People need to have a ‘want to serve’; and that can only come as we keep this Acts 2 ordering – the organic, the personal desire.
A secular book selling over 25,000,000 copies is Stephen Covey’s Seven Marks of a Highly Effective Person. His seventh mark is ‘continuous learning’. Of the other marks, they’re grouped into two groups of three. The second group is about how to work with other people interdependently. But the first three are all about moving from dependency to personal accountability. So even a secular author recognises that personal accountability starts with a person saying, “I want to do this.”
It is important we know the source of that dynamic. It does not come from being attracted to or excited about what is happening at church, good though that may be. For when church is just tough, or dull, when change happens that you don’t like, you will begin to pull back from ‘devoting yourself to…’.
So where does the power to devote come from? Let me illustrate it like this.
In North Wales there is a place called Dinorwic. It was once the second largest slate quarry in the world. Now it’s called Electric Mountain. Why? Because deep in the heart of the mountain there is the largest man-made cavern in Europe, large enough to house St Paul’s Cathedral comfortably. In that space are enormous generators. They are powered by the fall of water from a lake high up on the mountain.
Operators watch the TV, and when they see a crucial event – such as England winning on penalties in the World Cup – they press a button. That happens just as other people walk into their kitchens to press the buttons on a million kettles. In 17 seconds the station can go from 0 to 1.78 GW, and it can power the whole of Wales for hours if it needs to. The surge in power that is required can only be met by the mighty Dinorwic. Other kinds of power stations simply don’t have this fast ‘turn on’ capability.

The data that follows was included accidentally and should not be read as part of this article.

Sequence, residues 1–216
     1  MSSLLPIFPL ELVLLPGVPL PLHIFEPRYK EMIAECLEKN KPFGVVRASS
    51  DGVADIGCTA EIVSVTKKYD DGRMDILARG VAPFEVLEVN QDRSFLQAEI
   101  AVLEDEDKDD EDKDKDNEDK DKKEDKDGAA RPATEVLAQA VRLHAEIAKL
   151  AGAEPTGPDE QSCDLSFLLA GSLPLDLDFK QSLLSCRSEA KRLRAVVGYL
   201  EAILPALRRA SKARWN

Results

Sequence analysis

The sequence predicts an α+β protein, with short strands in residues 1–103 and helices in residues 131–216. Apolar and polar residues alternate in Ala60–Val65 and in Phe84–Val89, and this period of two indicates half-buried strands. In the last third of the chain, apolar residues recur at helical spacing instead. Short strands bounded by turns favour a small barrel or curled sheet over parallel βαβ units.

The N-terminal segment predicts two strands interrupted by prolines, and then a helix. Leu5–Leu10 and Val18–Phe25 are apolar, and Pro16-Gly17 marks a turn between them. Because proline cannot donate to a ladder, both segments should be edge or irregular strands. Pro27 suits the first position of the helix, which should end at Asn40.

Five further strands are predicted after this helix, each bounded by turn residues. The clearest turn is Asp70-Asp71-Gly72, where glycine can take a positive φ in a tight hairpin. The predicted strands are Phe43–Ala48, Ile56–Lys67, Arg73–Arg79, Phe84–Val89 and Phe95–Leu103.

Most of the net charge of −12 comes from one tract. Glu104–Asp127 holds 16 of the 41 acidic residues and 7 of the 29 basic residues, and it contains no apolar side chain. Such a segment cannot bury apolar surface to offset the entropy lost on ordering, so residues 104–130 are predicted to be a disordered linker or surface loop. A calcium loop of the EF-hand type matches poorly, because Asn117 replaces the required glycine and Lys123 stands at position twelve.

What’s remarkable is that this is a hidden source of power in the National Grid. Now, in the Christian life, we all need to know the source of our ‘hidden power’. It is, of course, the Almighty Holy Spirit. He is sovereign and not at our beck and call. Yet, in the gospel, as we believe in Christ crucified, we receive the Spirit and are filled with him, again and again (see Gal 3:1-3; Eph 1:13, 14; 5:18 – note here the passive, plural, imperative, continuous verb – let yourselves go on being filled).
So, if a church wants people who are devoted to it, they must keep hearing of Christ crucified for them, and become devoted to him. Then, out of love for him, they will love the church he loves, with all her imperfections and difficulties.
Lessons for leaders
This is huge for us in leadership: individual Christians respond to Christ as Lord and Saviour, and so live out lives where they commit to the people of God because they love the Lord of the church. What we really need are people engaging with the Lord Jesus and people that are full of the Holy Spirit.
Sometimes, when leaders learn some new skills or try some plans which work out, they can become enamoured with “leadership”. So, it can be tempting to forget this key lesson from Acts 2 about personal devotion. Let’s ensure we preach it and practice it in our own lives.